|

Expert Iconexpert advice MORE

Honey and Infants

Pediatrics Expert Advice from Henry Bernstein, M.D.

Q: Why is it that honey isn't safe for infants?

A: You are correct--honey is not safe for infants! Although it is sweet tasting, honey should never be given to infants less than a year of age because it may cause a rare type of food poisoning (infant botulism). Honey may contain the spores of a bacteria germ that can cause infant botulism. These spores can also be found in soil, water, and even household dust. Honey should never be added to food, water, or formula that you are going to give to an infant. Even the honey in some processed foods or just dipping a baby's pacifier in honey can cause this problem.

A bacteria germ that produces a substance in the body (called a toxin) causes infant botulism. This toxin affects the place where the ends of nerves and muscles meet. This results in significant floppiness and weakness in the infant. After an infant eats the spores of this bacteria, the disease usually presents within hours to one week of the exposure. The disease starts as constipation, followed quickly by floppiness and weakness with a weak cry, poor feeding, and weakness of facial muscles. It frequently causes the infant to have an unusual breathing pattern (apnea), which often requires putting infants on a ventilator to help them breathe. Identifying the toxin in the stool makes the diagnosis. This nerve damage can last weeks to months.

Although infant botulism is very rare as perfect conditions that allow the bacteria germ to produce this toxin are necessary, it is still wise to never give honey to an infant.

More on: Expert Advice

Henry Bernstein, M.D., is currently the associate chief of the Division of General Pediatrics and director of Primary Care at Children's Hospital, Boston. He also has an academic appointment at Harvard Medical School.


Please note: This "Expert Advice" area of FamilyEducation.com should be used for general information purposes only. Advice given here is not intended to provide a basis for action in particular circumstances without consideration by a competent professional. Before using this Expert Advice area, please review our General and Medical Disclaimers.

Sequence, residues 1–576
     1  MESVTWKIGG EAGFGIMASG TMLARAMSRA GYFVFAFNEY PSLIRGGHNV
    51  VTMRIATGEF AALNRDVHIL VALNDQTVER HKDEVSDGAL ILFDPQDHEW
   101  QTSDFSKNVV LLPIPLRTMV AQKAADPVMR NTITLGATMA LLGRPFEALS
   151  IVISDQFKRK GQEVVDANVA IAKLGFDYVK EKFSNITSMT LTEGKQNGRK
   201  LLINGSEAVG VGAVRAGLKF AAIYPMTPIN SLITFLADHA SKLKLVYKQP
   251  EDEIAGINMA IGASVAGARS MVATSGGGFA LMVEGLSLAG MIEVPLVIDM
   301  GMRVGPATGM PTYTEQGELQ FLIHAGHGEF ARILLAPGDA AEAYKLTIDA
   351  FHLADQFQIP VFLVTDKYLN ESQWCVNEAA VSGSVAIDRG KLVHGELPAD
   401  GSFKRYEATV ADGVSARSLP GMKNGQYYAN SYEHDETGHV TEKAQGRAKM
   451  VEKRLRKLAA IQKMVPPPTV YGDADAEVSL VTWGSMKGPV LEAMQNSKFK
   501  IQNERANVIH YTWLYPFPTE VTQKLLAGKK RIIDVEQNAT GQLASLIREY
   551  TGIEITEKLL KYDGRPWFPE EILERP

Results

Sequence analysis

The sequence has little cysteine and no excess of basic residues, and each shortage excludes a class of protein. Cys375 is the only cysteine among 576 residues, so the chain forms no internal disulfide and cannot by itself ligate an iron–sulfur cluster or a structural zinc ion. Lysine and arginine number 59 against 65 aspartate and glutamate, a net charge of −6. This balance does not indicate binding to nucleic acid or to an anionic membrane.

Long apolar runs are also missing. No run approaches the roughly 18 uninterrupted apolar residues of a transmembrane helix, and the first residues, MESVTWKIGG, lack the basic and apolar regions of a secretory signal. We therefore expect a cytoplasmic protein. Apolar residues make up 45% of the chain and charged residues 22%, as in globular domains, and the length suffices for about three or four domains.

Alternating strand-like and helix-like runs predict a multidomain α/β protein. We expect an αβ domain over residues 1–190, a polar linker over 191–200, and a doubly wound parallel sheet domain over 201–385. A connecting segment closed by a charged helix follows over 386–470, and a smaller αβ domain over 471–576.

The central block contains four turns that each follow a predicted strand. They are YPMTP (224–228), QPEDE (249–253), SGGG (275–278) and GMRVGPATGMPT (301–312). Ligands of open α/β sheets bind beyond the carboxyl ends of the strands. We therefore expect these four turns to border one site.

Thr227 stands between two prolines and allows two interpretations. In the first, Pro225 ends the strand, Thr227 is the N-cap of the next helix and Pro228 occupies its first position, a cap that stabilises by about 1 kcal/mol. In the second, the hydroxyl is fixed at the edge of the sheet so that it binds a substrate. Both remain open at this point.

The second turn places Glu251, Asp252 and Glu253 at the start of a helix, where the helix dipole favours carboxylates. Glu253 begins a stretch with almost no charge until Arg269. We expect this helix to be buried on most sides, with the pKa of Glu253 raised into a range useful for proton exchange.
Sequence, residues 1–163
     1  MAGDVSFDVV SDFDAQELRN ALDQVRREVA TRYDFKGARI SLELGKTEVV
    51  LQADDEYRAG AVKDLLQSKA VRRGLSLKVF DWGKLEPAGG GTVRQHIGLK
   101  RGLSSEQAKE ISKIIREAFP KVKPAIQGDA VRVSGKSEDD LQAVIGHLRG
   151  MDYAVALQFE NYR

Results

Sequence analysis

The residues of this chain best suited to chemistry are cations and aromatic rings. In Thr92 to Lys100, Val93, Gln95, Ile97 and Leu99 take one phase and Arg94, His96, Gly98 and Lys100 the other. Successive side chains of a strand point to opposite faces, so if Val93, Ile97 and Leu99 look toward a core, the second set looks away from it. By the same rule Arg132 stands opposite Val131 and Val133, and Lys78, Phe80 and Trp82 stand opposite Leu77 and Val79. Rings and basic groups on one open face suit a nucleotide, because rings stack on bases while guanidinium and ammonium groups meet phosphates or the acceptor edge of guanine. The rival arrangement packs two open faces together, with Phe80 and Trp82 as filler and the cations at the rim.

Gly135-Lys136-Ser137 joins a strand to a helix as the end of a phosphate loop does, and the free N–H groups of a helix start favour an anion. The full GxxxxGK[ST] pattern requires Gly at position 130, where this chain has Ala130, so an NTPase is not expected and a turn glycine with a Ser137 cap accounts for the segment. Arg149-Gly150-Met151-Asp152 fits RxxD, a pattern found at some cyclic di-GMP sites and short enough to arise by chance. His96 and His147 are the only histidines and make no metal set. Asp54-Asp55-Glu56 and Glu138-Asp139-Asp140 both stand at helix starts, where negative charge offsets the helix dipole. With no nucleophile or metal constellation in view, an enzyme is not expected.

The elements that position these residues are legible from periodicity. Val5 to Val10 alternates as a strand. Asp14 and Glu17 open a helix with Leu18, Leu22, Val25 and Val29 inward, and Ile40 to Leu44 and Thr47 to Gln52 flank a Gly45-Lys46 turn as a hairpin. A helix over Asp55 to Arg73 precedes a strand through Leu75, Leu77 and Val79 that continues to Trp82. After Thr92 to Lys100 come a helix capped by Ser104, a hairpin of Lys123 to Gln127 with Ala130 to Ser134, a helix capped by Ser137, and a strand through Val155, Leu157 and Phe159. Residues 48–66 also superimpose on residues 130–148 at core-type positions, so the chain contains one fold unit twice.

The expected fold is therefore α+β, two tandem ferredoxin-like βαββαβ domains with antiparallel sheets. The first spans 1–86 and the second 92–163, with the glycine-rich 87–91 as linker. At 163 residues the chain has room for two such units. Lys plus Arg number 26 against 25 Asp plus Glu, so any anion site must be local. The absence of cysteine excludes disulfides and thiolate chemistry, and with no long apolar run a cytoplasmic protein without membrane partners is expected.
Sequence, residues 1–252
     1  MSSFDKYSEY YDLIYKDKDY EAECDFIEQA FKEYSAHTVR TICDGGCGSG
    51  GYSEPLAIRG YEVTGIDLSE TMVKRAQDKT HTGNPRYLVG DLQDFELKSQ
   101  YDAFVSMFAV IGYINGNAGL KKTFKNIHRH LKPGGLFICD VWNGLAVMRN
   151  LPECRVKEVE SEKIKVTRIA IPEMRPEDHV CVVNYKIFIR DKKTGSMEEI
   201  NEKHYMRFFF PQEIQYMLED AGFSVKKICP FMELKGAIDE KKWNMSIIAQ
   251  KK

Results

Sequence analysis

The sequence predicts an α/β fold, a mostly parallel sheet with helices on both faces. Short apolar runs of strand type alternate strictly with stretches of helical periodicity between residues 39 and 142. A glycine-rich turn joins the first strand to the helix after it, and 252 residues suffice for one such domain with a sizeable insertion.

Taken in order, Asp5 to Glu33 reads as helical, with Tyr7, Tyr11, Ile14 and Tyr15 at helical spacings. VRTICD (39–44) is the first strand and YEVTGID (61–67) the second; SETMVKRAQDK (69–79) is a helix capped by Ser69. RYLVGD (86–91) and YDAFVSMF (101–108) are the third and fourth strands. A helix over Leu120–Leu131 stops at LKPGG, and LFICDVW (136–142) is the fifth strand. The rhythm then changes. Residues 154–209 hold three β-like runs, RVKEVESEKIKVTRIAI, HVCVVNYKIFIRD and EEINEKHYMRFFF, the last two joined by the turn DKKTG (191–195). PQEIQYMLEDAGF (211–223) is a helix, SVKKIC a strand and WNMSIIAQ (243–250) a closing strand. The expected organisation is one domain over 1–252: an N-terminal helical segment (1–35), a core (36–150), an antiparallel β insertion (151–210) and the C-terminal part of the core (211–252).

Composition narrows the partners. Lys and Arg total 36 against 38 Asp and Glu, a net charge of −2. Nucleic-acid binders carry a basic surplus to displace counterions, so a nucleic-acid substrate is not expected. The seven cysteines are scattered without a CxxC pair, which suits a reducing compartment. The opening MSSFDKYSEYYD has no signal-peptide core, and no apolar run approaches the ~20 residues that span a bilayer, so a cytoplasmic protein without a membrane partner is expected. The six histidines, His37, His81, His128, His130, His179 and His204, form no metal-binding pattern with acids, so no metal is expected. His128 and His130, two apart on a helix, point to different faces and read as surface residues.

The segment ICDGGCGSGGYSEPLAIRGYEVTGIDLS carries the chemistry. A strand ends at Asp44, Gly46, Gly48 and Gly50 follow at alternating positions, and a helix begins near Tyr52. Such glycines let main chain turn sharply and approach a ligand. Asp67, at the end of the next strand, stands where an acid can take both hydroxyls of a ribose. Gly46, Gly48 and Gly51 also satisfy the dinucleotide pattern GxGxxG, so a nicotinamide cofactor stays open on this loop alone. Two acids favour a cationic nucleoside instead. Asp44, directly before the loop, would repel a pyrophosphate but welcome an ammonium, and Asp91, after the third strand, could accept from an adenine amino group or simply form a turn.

stay connected

Sign up for our free email newsletters and receive the latest advice and information on all things parenting.

Enter your email address to sign up or manage your account.

Facebook icon Twitter icon Follow Us on Pinterest

editor’s picks

highlights

Healthy Smile Checklist for Kids
Have better dental check-ups with this free printable checklist that helps keep your child flossing, brushing, and smiling! Brought to you by Philips Sonicare.

Kindergarten Readiness App
It's kindergarten registration time! Use this interactive kindergarten readiness checklist, complete with fun games and activities, to practice the essential skills your child needs for this next big step. Download the Kindergarten Readiness app today!

8 Easter Egg Decorating Ideas
Need some fun ideas for decorating Easter eggs with the kids? Look no further for colorful and cool designs!

7 Ways to Curb Kids' Exposure to Violence
American children are exposed to violence more often than you might think. Learn how to limit your child's exposure to violence and manage the mental health and behavioral effects it can cause.